In the world of product development, having a singular focus is generally recognised as one of the keys for success. Having a Product Vision, Product Goal, or Sprint Goal spring to mind as common ways focus is practised.
Unfortunately, in real life, we are asked to do lots of stuff by lots of people. It’s just the way it is. Fortunately, there are many ways to handle this depending on the complexity of the requests themselves.
Worst case, you have to abandon what you are doing to focus entirely on a new thing. It becomes the most valuable thing to work on. This is situation dependent and could be because of urgency, importance, both, or simply someone more important than someone else is asking you to do it. Some of these are better reasons than others.
Best case, you may have a minor request that takes a small amount of time to implement and you Just Fucking Do It. In this scenario, you may have an agreement with the rest of the team that a JFDI is acceptable as long as it doesn’t interrupt the core focus; for example, the Sprint Goal.
In the middle of this context switching spectrum you may also find work that is more commonplace, and accepted, but is deceptively intrusive. For example, a team working on multiple products or priorities at the same time.
There could be many factors that contribute to this situation (funding and/or management is definitely up there!). A common factor is that the skills blend in a team is simply inflated. We have too many people with too much variety, so we fall into a trap of trying to keep people busy, splitting our focus, instead of reducing waste in order to increase effectiveness and maximise the value we deliver.
We may also find we have the correct team blend but we have too many priorities to keep a track of. Common approaches to this consist of: removing collaboration and designating all the work at an individual level to get everything finished (which we never really do); and/or, asking the same people to finish multiple things; and/or, asking the best people to work across multiple teams.
We generally know this is bad practice. We know it sucks for the team and isn’t sustainable. However, we still do it because we always have done and struggle to push back in a way that sticks, or makes sense to the people holding the purse-strings.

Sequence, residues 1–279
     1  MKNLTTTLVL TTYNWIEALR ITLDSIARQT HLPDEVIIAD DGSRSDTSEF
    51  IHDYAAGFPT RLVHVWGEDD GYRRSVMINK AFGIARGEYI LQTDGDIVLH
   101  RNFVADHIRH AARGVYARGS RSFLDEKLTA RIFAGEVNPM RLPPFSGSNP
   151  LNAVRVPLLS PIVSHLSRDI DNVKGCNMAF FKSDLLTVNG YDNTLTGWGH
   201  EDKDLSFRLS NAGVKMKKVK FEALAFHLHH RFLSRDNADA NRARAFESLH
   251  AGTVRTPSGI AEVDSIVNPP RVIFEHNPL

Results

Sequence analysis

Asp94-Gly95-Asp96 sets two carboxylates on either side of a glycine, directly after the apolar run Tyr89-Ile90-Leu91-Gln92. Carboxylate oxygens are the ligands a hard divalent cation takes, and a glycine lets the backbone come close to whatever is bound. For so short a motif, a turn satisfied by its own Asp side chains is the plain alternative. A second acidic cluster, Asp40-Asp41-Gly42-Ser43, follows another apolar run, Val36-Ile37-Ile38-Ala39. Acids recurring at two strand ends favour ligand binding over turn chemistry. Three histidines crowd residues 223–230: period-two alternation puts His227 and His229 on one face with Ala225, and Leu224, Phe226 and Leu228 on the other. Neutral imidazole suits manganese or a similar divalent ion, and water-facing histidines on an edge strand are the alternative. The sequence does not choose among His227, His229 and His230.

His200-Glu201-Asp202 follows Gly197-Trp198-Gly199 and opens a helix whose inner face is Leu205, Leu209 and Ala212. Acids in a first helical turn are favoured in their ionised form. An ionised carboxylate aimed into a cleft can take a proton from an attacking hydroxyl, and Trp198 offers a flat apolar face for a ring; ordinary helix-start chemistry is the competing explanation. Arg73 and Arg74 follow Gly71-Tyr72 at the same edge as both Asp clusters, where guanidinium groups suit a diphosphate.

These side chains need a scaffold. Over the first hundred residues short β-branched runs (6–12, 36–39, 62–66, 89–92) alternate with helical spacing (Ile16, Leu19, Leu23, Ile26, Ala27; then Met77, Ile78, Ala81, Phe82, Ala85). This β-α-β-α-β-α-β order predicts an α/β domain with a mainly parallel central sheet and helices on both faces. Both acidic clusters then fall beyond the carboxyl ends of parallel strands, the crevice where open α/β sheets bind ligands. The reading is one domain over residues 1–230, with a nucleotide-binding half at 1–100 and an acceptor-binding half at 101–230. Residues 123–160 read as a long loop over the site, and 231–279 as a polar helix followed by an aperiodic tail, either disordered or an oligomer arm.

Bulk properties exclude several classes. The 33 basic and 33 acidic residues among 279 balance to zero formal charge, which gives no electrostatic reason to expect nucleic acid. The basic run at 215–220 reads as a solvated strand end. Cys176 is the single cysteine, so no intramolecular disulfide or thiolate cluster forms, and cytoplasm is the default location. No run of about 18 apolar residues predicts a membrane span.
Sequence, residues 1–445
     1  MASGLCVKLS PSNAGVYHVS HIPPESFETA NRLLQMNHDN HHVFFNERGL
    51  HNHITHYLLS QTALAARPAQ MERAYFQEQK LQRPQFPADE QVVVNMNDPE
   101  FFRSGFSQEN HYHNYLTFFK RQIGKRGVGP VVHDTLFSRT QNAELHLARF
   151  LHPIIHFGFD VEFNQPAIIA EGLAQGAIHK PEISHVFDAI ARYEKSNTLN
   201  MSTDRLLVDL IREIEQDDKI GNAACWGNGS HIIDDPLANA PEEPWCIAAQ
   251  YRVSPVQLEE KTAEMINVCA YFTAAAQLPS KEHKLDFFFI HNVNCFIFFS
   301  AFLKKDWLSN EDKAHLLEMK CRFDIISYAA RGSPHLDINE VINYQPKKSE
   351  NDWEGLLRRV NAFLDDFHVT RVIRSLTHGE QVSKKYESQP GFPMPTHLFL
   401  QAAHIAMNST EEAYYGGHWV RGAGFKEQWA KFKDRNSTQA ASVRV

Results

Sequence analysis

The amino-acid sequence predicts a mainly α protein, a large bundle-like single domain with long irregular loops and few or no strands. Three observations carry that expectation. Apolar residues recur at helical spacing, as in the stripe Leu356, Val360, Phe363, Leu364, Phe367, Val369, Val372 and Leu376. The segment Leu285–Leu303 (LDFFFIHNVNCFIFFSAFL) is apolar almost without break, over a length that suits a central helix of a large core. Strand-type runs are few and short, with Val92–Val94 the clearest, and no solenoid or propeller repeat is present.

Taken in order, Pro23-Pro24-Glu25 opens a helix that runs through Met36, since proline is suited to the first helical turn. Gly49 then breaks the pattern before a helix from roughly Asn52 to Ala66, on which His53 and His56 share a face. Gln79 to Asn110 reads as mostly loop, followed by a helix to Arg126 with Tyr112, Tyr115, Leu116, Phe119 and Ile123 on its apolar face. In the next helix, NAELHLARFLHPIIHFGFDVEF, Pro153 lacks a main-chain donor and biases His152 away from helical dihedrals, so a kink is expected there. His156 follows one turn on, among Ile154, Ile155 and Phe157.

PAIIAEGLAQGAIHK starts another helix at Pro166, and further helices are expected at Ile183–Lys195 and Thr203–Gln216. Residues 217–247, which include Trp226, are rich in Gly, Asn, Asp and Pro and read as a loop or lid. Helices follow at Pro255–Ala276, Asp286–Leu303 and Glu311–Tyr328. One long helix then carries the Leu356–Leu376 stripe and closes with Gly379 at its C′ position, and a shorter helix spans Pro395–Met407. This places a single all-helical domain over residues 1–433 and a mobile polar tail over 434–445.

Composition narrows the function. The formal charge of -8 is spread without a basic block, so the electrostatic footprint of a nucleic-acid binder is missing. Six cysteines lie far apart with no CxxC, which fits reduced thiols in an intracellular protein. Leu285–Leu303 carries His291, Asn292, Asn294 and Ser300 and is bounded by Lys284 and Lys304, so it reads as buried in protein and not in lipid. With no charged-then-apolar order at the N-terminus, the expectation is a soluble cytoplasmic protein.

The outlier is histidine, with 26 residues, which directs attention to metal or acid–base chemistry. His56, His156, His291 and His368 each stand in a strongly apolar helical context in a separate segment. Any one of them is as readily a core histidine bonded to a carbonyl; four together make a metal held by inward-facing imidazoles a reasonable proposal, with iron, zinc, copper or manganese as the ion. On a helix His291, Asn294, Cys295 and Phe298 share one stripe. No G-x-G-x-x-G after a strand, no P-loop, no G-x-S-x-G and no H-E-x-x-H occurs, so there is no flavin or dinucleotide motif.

It’s worth knowing something important though. For every additional project added, 20% of our time is lost to context switching.
In addition to the above image, I have previously been sent the following resources from Ryan Brook at Optilearn. These resources have changed how I approach discussions around context switching:
- Addressing the Detrimental Effects of Context Switching with DevOps
- Multitasking: Switching costs – Subtle “switching” costs cut efficiency, raise risk
I also use the following high level costings to compliment these resources when summarising the financial impact to people:
- If a person on a team costs £5,000 a week and works on 2 projects, ~£1,000 a week is wasted. If they work on 5 projects ~£4,000 a week is wasted.
- For a team of 10 people working on 2 products this is ~£10,000 a week, or ~£500,000 a year.
If you want to make these costs more relevant to your organisation then feel free to use this calculator to understand the true cost of an employee (spoiler, it’s more than just their salary).
There are a number of ways to use this information; to change the way people look at the challenge is one, to help teams understand the importance of finishing work in a sprint, or getting to Done, is another.
It’s also important to note that some people are better than others at this. I’m personally terrible at context switching, but I know others that are great. Regardless, I cannot remember seeing anyone who is capable of context switching between detailed or technical items without having their effectiveness, or mental health, be impacted.
Regardless, once we recognise this challenge then we should attempt to be brave and do something about it. It can be very expensive to waste time like this on multiple priorities and isn’t something I personally believe is professional or respectful; both for businesses to ask of teams, or for teams to be complicit in. Hopefully this can be a useful tool in the fight for change.